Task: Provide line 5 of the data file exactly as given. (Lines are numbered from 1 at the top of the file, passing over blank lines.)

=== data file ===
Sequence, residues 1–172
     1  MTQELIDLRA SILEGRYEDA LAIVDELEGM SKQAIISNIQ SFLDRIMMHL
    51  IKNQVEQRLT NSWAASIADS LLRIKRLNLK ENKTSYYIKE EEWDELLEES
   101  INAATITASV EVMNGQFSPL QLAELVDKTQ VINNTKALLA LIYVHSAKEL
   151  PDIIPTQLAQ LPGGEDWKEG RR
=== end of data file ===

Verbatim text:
   151  PDIIPTQLAQ LPGGEDWKEG RR